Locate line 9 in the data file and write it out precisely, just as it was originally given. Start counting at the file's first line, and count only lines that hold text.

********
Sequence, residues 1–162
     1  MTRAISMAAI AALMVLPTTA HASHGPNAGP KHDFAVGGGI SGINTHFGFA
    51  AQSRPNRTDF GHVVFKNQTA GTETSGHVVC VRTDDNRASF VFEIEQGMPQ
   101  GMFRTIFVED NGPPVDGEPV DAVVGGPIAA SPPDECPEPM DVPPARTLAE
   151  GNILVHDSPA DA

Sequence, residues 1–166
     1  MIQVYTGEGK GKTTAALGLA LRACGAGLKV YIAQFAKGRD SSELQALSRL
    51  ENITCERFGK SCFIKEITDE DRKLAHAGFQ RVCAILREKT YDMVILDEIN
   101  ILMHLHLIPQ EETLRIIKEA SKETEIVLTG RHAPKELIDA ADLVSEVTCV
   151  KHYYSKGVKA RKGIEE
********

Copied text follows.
   101  ILMHLHLIPQ EETLRIIKEA SKETEIVLTG RHAPKELIDA ADLVSEVTCV